U.S. leaders are congratulating themselves for convincing China and Russia to go along on a UN Security Council resolution imposing economic sanctions on North Korea.
Even when sanctions are imposed on a comprehensive multilateral basis, they have a mixed record at best. North Korea is an unpromising candidate for a successful campaign of economic coercion because it is already economically isolated, and it is hard to see how additional pressure is likely to succeed where it has failed in the past.
Kim Jong-Il's government is a vampire regime. It will suck whatever resources it needs from the North Korean people to pursue its objectives. Although Kim must ultimately be held responsible for the policies of his government, and while his wanton disregard for the well-being of his people is extreme even among dictators, it is typical of economic sanctions that they hurt the most vulnerable members of society.
Indeed, this fatally undermines the effectiveness of sanctions. On the one hand, they are intended to inflict pain and suffering on a target population to the point where the target country capitulates to the demands of the sanctioning powers. On the other hand, the sanctioning powers are troubled by the moral implications of their policies, and they employ other measures for getting food and needed supplies to the neediest people.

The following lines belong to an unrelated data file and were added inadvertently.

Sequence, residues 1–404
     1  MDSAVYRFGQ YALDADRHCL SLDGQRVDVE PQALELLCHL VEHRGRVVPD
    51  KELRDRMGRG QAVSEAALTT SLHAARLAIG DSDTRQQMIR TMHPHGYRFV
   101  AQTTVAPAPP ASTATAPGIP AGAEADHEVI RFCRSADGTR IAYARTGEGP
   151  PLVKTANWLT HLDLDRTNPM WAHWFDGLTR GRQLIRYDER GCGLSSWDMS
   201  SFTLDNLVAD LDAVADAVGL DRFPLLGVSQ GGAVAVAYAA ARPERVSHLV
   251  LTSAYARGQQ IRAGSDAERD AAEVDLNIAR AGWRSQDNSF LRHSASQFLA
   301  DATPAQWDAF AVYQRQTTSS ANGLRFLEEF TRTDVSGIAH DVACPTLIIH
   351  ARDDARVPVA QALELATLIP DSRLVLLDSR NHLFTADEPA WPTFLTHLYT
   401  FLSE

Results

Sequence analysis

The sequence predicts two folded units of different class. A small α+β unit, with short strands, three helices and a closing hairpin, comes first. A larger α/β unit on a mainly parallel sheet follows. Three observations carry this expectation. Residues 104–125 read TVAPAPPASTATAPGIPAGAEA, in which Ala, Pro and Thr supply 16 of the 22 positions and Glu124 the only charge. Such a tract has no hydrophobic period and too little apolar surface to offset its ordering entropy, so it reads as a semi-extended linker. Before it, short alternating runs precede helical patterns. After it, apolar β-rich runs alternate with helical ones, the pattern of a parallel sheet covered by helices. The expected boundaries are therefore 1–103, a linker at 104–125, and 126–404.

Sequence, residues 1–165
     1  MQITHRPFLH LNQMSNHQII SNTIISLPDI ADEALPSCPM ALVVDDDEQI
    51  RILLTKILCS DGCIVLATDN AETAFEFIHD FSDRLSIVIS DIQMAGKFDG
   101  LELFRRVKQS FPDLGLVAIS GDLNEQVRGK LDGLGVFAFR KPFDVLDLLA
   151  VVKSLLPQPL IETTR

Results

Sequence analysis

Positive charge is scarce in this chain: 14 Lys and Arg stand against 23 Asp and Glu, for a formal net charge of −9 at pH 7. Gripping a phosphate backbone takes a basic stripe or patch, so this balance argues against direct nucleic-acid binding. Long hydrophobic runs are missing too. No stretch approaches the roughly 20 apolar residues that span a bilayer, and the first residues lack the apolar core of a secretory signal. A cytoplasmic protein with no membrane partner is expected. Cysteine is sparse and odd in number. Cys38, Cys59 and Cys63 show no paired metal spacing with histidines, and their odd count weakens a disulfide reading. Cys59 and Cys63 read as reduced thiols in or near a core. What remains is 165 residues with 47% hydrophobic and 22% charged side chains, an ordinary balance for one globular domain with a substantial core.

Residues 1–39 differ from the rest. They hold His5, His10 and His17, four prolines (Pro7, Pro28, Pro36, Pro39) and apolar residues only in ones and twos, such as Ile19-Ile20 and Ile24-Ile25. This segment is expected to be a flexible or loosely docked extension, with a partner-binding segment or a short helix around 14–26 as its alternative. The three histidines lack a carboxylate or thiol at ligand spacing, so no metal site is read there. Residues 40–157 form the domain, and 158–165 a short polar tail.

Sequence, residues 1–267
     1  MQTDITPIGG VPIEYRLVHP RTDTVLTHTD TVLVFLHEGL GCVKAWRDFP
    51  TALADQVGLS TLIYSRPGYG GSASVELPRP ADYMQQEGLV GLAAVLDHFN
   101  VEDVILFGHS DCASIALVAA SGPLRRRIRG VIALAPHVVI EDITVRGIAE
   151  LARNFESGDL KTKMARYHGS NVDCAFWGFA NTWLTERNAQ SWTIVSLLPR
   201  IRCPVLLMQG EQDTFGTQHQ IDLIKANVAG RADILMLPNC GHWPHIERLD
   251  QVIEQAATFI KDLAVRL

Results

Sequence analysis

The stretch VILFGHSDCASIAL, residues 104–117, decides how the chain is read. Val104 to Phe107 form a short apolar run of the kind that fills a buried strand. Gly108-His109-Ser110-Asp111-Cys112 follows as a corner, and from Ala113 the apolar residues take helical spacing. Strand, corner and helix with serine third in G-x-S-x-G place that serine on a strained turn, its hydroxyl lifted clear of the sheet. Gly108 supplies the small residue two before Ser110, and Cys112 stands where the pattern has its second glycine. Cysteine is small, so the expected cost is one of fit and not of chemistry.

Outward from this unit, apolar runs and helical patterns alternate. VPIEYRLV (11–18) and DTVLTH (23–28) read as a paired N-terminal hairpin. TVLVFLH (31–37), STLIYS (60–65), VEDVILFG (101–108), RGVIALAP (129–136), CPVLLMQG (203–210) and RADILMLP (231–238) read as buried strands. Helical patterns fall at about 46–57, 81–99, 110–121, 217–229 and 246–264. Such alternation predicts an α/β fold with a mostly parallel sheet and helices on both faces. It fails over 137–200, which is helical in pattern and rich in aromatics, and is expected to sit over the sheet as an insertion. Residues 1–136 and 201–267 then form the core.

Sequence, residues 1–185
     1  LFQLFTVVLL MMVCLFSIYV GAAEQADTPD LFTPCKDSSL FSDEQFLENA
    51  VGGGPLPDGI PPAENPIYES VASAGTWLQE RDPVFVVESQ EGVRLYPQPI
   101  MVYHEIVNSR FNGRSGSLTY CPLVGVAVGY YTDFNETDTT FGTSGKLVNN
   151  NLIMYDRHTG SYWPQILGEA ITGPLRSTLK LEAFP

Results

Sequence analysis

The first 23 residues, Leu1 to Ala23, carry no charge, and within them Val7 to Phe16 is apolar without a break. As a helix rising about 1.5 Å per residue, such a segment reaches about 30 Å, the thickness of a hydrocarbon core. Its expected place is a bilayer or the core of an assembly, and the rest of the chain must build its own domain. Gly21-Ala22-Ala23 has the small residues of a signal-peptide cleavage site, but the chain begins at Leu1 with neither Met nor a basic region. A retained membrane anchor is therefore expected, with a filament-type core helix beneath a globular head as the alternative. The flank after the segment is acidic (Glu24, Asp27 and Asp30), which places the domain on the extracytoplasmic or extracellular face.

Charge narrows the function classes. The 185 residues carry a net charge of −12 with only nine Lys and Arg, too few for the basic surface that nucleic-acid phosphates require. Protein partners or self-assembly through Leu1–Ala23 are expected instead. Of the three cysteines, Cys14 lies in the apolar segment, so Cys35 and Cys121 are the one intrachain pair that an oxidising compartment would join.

Malnutrition and famine are already pervasive. The government-run system for distributing food provides, on average, 250 grams per person per day – 40 percent of the minimum calorie intake recommended by international food aid experts. The UN's World Food Program reports that a survey taken in October 2004 "found 37 percent of young children to be chronically malnourished, and one-third of mothers both malnourished and anemic."
Neither China nor South Korea is willing to support broad-based sanctions. The Chinese and the South Koreans also worry about a collapse of the North Korean state, which would unleash hundreds of thousands of desperate refugees across their borders.
[Excerpt of a commentary by Christopher Preble and Ted Galen Carpenter in the Houston Chronicle]